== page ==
Absolutely. I have to be honest, I thought for a long time that self-publishing… I think self-publishing has had a stigma around it for a really long time that – fortunately – is starting to evaporate. And thank god for that, because I love this way, this is great. I mean, you get to meet people, you meet some great people, I’ve made lots of connections and… friends, really, and I’ve never made actual friends through social media despite the fact that’s what we’re supposed to understand its purpose is. Big fan of indie and self-publishing for that alone.
So I suppose we should talk about the book now! Which is coming out January 5th, 2021 – tell us about it, what can we expect from The Miracle Sin?
I never quite know what to tell people! So how about I just read right from it?
It starts off with “Have you ever wondered if there’s more to life? If we’re destined for something great? If we’re part of a divine plan, rather than subjects of random chaos? Mason Cole has wondered these things, and he has the answer…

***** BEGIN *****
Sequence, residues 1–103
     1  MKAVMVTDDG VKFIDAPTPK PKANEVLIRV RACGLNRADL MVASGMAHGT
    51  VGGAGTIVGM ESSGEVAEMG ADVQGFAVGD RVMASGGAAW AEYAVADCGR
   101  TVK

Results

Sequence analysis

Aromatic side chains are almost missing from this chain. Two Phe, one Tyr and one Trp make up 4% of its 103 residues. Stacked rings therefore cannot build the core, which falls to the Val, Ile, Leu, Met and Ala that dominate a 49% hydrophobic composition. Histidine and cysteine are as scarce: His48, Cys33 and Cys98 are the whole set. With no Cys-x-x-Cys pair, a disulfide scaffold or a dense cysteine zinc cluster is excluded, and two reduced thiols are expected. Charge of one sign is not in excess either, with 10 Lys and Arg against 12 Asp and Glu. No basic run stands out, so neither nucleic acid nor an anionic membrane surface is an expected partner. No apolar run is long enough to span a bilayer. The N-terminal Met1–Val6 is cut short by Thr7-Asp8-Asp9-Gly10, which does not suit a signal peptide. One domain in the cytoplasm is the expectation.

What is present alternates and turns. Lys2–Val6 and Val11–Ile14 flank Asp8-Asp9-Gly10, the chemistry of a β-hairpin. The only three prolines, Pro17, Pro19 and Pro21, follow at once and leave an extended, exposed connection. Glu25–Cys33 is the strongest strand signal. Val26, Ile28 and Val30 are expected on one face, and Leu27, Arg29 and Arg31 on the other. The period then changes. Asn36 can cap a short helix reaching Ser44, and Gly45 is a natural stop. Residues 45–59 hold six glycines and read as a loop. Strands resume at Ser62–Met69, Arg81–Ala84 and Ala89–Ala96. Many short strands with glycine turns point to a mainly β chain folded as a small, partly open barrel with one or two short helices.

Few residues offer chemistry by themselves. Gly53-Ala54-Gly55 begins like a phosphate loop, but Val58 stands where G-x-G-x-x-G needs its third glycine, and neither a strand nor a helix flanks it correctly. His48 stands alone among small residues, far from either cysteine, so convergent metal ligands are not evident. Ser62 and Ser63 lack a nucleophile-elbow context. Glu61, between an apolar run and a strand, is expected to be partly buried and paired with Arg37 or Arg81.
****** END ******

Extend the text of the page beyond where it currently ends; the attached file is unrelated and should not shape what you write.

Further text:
“How could that be when his parents were killed in an earthquake that destroyed the city of Jerusalem, yet he alone survived? How could he be destined for great things when he’s stuck in a town-shaped reststop where nothing he does makes a difference? And why would God do this to him in the first place?
“Then one day a stranger passes through town, bringing with him a unique explanation of his past, one he never could have imagined, and wishes he could forget. It sounds like something from one of his books, only this time it’s happening to him, and it becomes clear that not every miracle is a blessing. Now, with a red-haired devil hell bent on possessing him for his own sinister gains, Mason must discover the answers to these questions if he ever hopes to survive in a world where the dark no longer hides that which dwells within.”
So that’s the back cover summary of it!
And it does look wonderful, this book. The cover design is great, it’s very Biblical, which I guess works really well.